Whenever a new Ringo Starr album comes down the pike, one knows exactly what’s coming, and that’s long been one of the reasons to look forward to these releases. Starr albums are generally uncomplicated, fun albums featuring the former Beatle playing loosely with his celebrity friends on albums which sound fresh even as they hold their odd little place in time.
Y Not is Starr’s fifteenth solo album, and as has been his tradition he brings in friends like Joe Walsh, Ben Harper, Richard Marx and Joss Stone to help in some manner with the productions. The album’s a quick listen, 10 songs and a little over 35 minutes of music, and like many LPs from when Starr first began recording, there are some solid tracks and some filler, making the album a bit of a mixed bag. But it opens well with the blues rocker “Fill In The Blanks,” which features Walsh on guitar, and there are no real duds on the first half of the album.
The album’s most notable song would have to be its lead single “Walk With You,” which features Paul McCartney and Starr in one of the strongest ballads Starr has written. It’s also the first song ever to feature Starr and McCartney singing a duet, which after hearing the song seems a real shame, since the two share solid chemistry here. Ringo’s always had a flair for pulling off songs which in other hands would sound ridiculously sugary, and this is a prime example; the song comes off as the two former bandmates enjoying the simple act of singing about lifelong friendship. As a single it’s a bit of a stretch, since even adult contemporary radio is unlikely to play it for long, but it’s a strong centerpiece to the album.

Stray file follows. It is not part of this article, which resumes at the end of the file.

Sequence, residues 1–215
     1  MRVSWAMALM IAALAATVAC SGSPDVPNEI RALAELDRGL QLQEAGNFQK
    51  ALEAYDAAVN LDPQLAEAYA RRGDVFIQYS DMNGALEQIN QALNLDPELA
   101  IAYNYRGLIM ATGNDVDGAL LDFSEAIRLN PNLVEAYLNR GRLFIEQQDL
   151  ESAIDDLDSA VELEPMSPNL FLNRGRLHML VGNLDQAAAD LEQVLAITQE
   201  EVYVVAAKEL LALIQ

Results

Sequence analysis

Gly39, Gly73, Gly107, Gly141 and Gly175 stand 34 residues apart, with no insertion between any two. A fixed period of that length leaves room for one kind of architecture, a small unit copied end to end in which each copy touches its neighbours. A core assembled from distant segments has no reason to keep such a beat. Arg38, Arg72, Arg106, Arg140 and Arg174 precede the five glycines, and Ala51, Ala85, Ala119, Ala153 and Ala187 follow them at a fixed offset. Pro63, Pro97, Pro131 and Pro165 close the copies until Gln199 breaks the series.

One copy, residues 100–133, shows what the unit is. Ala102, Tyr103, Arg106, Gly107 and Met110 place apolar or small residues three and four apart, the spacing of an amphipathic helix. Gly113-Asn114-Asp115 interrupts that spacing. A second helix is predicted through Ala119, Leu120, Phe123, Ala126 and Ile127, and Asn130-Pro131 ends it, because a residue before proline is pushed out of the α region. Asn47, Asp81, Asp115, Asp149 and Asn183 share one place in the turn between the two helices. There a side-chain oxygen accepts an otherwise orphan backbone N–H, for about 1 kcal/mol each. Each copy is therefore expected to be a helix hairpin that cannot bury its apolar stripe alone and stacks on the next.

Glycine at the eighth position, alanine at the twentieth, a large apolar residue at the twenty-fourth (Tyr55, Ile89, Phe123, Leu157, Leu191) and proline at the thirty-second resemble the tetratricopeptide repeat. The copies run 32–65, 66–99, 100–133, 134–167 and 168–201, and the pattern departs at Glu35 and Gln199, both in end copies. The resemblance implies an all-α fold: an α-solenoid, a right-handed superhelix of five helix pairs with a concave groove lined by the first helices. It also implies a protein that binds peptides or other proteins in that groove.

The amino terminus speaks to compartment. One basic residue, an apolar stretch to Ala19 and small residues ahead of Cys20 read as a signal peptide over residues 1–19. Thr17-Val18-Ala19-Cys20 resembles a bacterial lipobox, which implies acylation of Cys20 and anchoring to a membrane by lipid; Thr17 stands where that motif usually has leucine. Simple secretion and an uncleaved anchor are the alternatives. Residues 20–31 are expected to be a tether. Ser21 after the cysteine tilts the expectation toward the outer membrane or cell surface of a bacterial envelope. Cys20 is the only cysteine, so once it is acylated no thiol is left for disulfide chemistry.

Other standouts would include “Peace Dream,” a typically bleeding-heart ode for peace that, since the death of John Lennon, only Ringo Starr could pull off and not sound hoplessly naive. It’s among the catchiest songs on the album, even when the lyrics occasionally overreach. And the album’s closer, an outright blues stomp with Joss Stone called “Who’s Your Daddy?” is the album’s most fun track, as Joss’s protagonist tells Ringo’s cheating liar where to stick his act.
At it’s heart Y Not is a workmanlike album from an artist who made his solo career out of albums that play well for a while and then step back to let other music in. In that vein, it’s a solid addition to his work in the last decade or so, and though it’s unlikely to earn him new fans, it’s pleasing to the ear of listeners who have enjoyed the rest of Starr’s post-Beatles discography. For someone who has been recording music since 1957, it’s hard to find any fault with an album that sounds as light and fun as anything else he’s recorded, with hints that he’s got no plans to stop anytime soon.
Reprinted with permission from Stereo Subversion.